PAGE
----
The morning after the Mavs won, Cuban sent out a couple of cool tweets that underscore once again just how much of an every-man he is. He said that he was sleeping with the O'Brien trophy (and who among us wouldn't do that if given the exact same opportunity?), and then he tweeted a picture of himself, cigar in his mouth, flying back to Dallas with the trophy in the seat next to him. Owners certainly have enjoyed winning the NBA title, but it's doubtful if anyone has been as willing to express his joy with fans of his team has Cuban has been.

Finally, the coup de grace in the Cuban celebration train was his insistence that he will pay for the championship parade in the city of Dallas. Normally this is a taxpayer-funded soiree, complete with police officers and all the bells and whistles, but Cuban didn't feel as though it would be fair to make citizens pay for the team's party, and so he said that he would pick up the bill. It was a classy gesture in a string of awesome moves by the Mavs' owner, and it's hard not to like the guy a little bit more now, even if you are a Heat fan.

All in all, the last 24 hours have shown the highs and lows of the NBA experience. From Chris Bosh bawling his eyes out walking down the tunnel after the Heat's loss (and the classy way that he answered questions during the postgame press conference), to Dirk Nowitzki nearly not coming out for the trophy presentation because he was so overcome with joy, these NBA Finals proved to be an enormously rewarding experience for anyone who watched it. Congratulations have to go to the Mavericks, as they celebrate their first title in their history, and big props go to their fans, who showed up in a big way to support the team in Miami. The end of October may be a long way off, but for right now, seeing a team revel in their victory is truly a sight to behold.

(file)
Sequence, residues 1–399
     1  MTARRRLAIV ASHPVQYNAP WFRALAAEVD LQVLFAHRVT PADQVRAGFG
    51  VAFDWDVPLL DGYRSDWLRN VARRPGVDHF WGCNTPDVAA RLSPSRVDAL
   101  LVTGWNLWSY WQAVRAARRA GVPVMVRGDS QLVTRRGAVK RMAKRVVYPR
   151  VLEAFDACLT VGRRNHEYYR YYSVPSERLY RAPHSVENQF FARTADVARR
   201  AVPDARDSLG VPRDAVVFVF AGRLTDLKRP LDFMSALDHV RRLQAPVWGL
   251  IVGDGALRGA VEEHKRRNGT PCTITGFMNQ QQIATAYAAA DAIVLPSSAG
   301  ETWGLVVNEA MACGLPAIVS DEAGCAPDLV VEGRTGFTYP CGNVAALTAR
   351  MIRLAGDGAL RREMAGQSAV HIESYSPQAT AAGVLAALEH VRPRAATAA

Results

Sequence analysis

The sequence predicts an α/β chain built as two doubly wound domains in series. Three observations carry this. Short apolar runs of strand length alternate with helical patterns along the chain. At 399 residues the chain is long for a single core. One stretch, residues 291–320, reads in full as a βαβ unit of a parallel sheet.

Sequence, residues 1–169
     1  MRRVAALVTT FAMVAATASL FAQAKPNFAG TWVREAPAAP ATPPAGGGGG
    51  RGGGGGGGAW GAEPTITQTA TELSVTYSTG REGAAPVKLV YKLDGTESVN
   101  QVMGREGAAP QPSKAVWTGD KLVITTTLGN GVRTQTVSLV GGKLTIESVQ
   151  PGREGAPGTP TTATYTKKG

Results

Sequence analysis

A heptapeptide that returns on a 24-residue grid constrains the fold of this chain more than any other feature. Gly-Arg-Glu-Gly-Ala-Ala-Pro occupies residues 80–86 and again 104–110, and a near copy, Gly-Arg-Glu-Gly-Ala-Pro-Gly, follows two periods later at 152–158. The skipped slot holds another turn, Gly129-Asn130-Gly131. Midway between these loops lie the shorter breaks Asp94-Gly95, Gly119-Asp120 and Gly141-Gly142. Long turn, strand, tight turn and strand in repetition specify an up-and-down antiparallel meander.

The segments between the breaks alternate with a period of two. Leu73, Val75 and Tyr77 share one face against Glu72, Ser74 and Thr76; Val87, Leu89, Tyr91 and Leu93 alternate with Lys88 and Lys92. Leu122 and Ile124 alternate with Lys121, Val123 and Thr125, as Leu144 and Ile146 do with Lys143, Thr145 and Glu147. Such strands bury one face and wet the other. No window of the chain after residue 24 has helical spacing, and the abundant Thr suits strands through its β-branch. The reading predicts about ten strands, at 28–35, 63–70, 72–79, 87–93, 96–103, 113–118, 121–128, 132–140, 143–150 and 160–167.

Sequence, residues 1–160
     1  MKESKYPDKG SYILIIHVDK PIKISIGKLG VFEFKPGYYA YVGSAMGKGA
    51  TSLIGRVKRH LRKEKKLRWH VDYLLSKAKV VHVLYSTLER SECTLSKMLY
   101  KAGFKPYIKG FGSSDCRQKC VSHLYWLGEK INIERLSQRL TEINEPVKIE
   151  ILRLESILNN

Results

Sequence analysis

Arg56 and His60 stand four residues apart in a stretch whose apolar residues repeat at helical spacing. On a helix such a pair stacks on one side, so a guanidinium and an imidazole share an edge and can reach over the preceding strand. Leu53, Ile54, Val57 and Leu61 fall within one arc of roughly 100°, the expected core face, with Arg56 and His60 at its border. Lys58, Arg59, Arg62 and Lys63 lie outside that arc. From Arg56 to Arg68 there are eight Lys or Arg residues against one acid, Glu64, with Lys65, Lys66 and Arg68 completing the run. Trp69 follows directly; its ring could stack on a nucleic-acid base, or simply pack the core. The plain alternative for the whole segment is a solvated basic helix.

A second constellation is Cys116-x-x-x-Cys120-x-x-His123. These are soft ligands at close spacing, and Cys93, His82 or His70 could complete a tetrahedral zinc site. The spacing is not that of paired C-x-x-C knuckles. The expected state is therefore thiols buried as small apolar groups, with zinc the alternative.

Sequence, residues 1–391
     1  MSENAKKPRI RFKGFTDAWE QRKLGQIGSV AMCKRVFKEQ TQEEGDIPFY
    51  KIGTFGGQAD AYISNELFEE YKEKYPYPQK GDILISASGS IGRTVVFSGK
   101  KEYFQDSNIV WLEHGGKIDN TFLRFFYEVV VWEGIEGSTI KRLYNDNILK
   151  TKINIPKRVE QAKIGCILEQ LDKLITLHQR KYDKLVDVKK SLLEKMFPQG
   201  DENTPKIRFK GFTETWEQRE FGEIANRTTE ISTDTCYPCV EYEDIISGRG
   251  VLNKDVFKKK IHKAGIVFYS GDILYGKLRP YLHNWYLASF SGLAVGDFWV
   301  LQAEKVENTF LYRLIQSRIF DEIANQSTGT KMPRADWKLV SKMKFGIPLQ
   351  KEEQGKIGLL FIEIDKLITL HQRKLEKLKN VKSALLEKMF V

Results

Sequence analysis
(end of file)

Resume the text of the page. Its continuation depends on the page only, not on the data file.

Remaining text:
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In society today, the most divisive topic remaining in the age after the Civil Rights movement is sexuality. Whether in the general workplace or in our everyday lives, homosexuality is a topic that makes people uncomfortable, and inevitably leads to arguments about gay rights and the like. Whatever side fo the aisle you are on with this issue, you likely feel very strongly about it, because there is very little middle ground. 

Nowhere is the topic of sexuality more taboo than in the sports world. The topic has been discussed at length in terms of whether or not a gay athlete would be welcome in a professional locker room, and for the most part, the prevalent attitude seems to be one of hands-off detachment. The argument frequently is made that the topic of sexuality (and many other controversial issues) should be kept out of the sports realm, and this has successfully kept homosexuality in the sports world under wraps. Until now.

Over the weekend, Phoenix Suns President and CEO Rick Welts revealed that he is gay. It was a huge story, because he is the first executive in any of the four major sports to come out of the closet, and the reaction from around the sports world was largely positive. Steve Nash perhaps said it best when he said "anyone who's not ready for this needs to catch up. He's doing anyone who's not ready for this a favor." Nash isn't just saying these things now either. Inf act, last October he actively discussed the issue of teens committing suicide because of being bullied about their sexuality, so this has been a topic that Nash clearly feels strongly about. 

Suns head coach Alvin Gentry offered similar words of support, saying "to me, what does it matter? I know he's great at his job; he's very organized and he does a brilliant job. To me, his sexuality is irreleveant."